Last Friday, the Dutch Government announced it intends to let French Naval Group build the Royal Netherlands Navy’s four new submarines. The decision has been met with strong disappointment from Damen Shipyards – one of the other contenders for the contract together with Swedish Saab – and Huisman Equipment. The final decision rests in the hands of Dutch Parliament.

The four new submarines will replace the current Walrus class. The three contenders for the contract were French Naval Group, which enlisted Royal IHC as a partner, a consortium of Saab and Damen and German Thyssenkrupp Marine Systems. Altogether, the contract award has been a process taking ten years.

A few weeks ago, rumours already surfaced saying that the contract was headed for Naval. It generated a storm of criticism, both from Members of Parliament and local authorities, and industry itself. At stake is the largest possible involvement of the Dutch maritime industry. It is feared that leaving the order with Naval, will sideline the Dutch industry and result in a loss of submarine building knowledge.

Also read: Dutch submarine contract provisionally awarded to Naval

NMT expects Dutch involvement to be secured

The exact amount of involvement of the Dutch maritime industry is still to be revealed as well as which companies will play a role, next to Royal IHC. The Dutch State Secretary of Defence, Christophe van der Maat, has said that the role the Dutch industry will play in the project formed an important criterium for the contract award. So far, all that has been confirmed is that at least ten different Dutch companies and two knowledge institutes will be directly involved in production.

Trade organisation Netherlands Maritime Technology released the following statement regarding the contract award: ‘As NMT, we consider it of strategic importance to anchor naval technology knowledge and development in the Netherlands. We assume that the involvement of the Dutch maritime manufacturing industry in the development, construction and maintenance is maximally secured, as the government agreed with us in the Sector Agenda and was widely expressed at last Wednesday’s Lower House debate.’

Also read: ‘Dutch govt awards submarine contract to Naval’ 

Damen and Huisman disappointed

Yet, despite the rather celebratory announcement of the contract award by the State Secretary of Defence on Friday, 15 March, Damen and Huisman Equipment responded with disappointment and feel the choice for Naval will result in a loss of knowledge and work for the Dutch industry.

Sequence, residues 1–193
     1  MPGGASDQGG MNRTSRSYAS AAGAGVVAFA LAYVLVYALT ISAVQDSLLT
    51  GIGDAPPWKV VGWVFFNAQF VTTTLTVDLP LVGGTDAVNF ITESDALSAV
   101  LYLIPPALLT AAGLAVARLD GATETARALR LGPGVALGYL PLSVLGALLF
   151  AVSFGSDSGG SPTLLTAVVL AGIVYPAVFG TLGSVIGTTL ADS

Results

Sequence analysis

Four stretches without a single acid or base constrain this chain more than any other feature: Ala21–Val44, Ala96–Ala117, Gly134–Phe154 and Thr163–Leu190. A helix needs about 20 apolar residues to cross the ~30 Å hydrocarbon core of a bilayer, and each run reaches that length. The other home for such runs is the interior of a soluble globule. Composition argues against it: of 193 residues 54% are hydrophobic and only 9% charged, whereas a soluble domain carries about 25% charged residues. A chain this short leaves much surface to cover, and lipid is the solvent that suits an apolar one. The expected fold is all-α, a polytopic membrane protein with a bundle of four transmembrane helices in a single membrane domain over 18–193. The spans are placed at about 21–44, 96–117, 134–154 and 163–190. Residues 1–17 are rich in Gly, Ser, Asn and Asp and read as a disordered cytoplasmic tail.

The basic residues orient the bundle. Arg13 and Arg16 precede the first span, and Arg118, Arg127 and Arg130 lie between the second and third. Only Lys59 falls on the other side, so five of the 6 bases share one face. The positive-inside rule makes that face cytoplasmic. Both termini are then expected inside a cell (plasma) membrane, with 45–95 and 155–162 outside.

In a written statement, Damen says: ‘It is a sad day. With the provisional award of the most innovative Dutch maritime project to a French state-owned company, the foundation of our complete and well-functioning Dutch naval construction industry has been swept away. We are thus losing an essential domain of knowledge and innovation within a completely uneven European playing field. This move by the Cabinet to build outside the Netherlands directly affects the implementation of the Maritime Manufacturing Sector Agenda and the aspired Northern European cooperation. Despite this disappointing outcome, we remain ready to support the Royal Netherlands Navy in designing, building and maintaining their naval vessels. Dutch naval construction will also remain responsible, together with defence, for keeping the current submarines in service for the next ten years.’

David Roodenburg, CEO of Huisman Equipment BV adds: ‘We were very optimistic given Saab Damen’s strong tender, which contains a substantial proportion of fundamental Dutch content. The Cabinet’s preliminary choice of French state-owned company Naval represents a huge missed opportunity for the Dutch maritime manufacturing industry. We are confident that Parliament will weigh the share of our industry heavily in their assessment and commit to the Maritime Manufacturing Sector Agenda. Because only if Saab Damen gets this order, can the Netherlands secure and expand its international competitive position in this important niche market.’

Glimmer of hope

The contract award, however, still has to be approved by Dutch Parliament, so a glimmer of hope remains for those hoping the project will end up with Damen and Saab after all.

Member of Parliament Chris Stoffer, who has been campaigning for the contract to go to Damen and Saab, says on X (formerly Twitter): ‘From 2018, when I became an MP, I have been pushing for submarines to be built in the Netherlands. The government wanted that too. All the more sad that the current outgoing cabinet is now giving the order to the French after all. Fortunately, the last word has not yet been said about this.’

Picture: Walrus class submarine (by the Dutch Ministry of Defence).